Planning for a Healthy Retirement

As we age, conversation among friends leans less towards the next big job opportunity or raise, and more toward the possibility and luxury of retirement. While assuming that perhaps others are retiring early, the assumption is right. According to a USA Today report, the average age of retirement is 63-years-old in the United States. This is a two year decrease, compared to the previous standard retirement age of 65. While the average age of retirement creeps down, evidence proves that Americans are living longer than ever before. There are roughly 72,000 centenarians, people over the age of 100, in the United States. That means if you are one of those lucky enough to reach 100 years old and retire at 65 you will have 35 years of retirement.

 

In 35 years, you’ll most likely fulfill all of the dreams that you have pushed aside due to past responsibilities. However, that is a long time without steady income and job security. As a result, planning and saving for retirement is critical. According to the same USA Today report, a 65-year-old couple retiring today will end up spending roughly $275,000 out of pocket on healthcare costs. Furthermore, according to the 2016 Retirement Confidence Survey, 26 percent of respondents have less than $1,000 stashed away for retirement (excluding pension and home values).

 

Having a structured idea of when you want to retire combined with savings, and the details of both your life insurance and health insurance plans, will enhance your quality of life in retirement. The plan you build now is an investment in your future and peace of mind. What if you or your partner passes away unexpectedly? Becomes injured? Or gets very sick?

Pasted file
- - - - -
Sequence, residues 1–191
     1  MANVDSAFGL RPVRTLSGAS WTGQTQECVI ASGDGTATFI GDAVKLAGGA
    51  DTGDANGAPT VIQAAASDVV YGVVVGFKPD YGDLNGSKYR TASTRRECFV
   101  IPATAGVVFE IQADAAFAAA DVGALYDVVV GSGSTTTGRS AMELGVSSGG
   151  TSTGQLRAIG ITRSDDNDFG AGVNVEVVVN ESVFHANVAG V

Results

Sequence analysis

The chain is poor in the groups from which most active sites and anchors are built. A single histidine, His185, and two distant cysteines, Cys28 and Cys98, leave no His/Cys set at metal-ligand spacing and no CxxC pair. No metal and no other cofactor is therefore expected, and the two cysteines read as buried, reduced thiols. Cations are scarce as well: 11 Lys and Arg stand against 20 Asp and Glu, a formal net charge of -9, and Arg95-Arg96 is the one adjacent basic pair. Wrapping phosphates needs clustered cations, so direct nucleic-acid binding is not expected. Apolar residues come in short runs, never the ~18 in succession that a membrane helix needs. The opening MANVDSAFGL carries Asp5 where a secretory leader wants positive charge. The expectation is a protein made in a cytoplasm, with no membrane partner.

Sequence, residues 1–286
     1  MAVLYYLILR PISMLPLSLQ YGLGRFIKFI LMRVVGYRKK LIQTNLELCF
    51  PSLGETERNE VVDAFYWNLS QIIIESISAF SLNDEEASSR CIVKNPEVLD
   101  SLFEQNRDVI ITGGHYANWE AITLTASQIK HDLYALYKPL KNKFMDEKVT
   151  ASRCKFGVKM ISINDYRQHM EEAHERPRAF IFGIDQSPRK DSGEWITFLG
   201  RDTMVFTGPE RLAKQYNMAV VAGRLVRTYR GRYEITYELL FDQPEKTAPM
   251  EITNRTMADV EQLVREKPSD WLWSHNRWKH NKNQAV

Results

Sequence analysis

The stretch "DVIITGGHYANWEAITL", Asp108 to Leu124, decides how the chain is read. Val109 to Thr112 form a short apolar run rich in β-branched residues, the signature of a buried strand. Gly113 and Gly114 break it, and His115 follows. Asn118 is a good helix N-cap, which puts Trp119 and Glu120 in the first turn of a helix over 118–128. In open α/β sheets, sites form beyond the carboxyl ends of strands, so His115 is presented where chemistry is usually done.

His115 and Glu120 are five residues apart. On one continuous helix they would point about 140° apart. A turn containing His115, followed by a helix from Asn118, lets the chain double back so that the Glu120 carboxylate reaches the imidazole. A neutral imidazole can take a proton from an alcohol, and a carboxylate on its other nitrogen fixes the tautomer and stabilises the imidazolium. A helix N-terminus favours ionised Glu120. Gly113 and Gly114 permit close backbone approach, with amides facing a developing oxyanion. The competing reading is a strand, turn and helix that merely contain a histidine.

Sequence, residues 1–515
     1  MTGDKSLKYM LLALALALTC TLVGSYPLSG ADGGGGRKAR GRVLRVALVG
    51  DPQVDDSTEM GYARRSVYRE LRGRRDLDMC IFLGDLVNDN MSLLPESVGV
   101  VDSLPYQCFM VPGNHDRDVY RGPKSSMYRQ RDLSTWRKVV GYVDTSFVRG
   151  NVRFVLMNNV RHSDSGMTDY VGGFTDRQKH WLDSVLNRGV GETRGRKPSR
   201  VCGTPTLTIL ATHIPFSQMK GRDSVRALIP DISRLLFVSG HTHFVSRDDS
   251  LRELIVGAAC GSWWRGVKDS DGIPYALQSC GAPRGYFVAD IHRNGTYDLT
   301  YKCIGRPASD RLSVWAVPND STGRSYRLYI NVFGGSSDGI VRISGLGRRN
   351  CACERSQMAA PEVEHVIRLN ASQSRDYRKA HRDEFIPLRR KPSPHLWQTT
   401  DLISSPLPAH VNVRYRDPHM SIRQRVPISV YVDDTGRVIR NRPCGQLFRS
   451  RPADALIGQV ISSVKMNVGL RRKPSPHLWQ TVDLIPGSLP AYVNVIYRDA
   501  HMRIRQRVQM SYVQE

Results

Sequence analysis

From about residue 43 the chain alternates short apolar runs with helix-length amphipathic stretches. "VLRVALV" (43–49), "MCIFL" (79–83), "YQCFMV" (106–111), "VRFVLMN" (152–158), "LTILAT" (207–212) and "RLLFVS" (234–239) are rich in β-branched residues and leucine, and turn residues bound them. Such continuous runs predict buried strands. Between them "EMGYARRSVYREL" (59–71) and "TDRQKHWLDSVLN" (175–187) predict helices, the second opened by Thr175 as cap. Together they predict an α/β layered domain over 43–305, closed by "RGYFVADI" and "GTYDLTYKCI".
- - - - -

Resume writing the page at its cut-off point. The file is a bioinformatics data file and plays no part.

Safeguard Health

 

According to the Center for Disease Control and Prevention (CDC), the second leading cause of death among those 65 and older, is cancer. Cancer is painful enough for both patients and caregivers, without the additional burden of medical costs and treatments can add tremendous financial burden on loved ones. In 2014, cancer patients paid nearly $4 billion out-of-pocket for cancer treatments, affecting a large marjority of senior audiences. Cancers found most often populations aged 65 and above, include: colorectal cancer, breast cancer, prostate cancer, lung cancer and mesothelioma.

 

Colorectal cancer is a cancer that starts in the colon or the rectum. The lifetime risk of developing colorectal cancer is about 1 in 21 or 4.7 percent for men and 1 in 23 or 4.4 percent for women. This cancer is the third leading cause of cancer-related deaths in women in the United States and the second leading cause in men.

 

Breast cancer is a group of cancer cells that form in the cells of the breast. Studies have shown that your risk for breast cancer is due to a combination of factors, however simply being a woman with advanced age increases your chances of developing breast cancer. In the United States, the average age of women diagnosed with breast cancer is 61-years-old.

 

Prostate cancer is one of the most common cancers in men in the United States. The older a man is, the greater his risk for developing prostate cancer. In addition to age, family history and race also impact your chances of prostate cancer.

 

More men and women in the United States die from lung cancer than any other type of cancer. Cigarette smoking is the number one cause of lung cancer, so the most important preventative action you can take to lower your risk of lung cancer is to quit smoking. People who have smoked for many years may want to consider screening for lung cancer with low-dose computed tomography (LDCT).

 

Mesothelioma is an aggressive yet preventable form of cancer that develops when airborne asbestos fibers are inhaled and embedded into the lining of the lungs, abdomen, or heart. Mesothelioma has an extremely long latency period and can take anywhere from 20 to 50 years before the first signs or symptoms of cancer present themselves. Symptoms for this type of cancer are similar to more common viruses like a severe cold or the flu. As a result, by the time mesothelioma is accurately diagnosed, prognosis is typically poor with less than a year to live.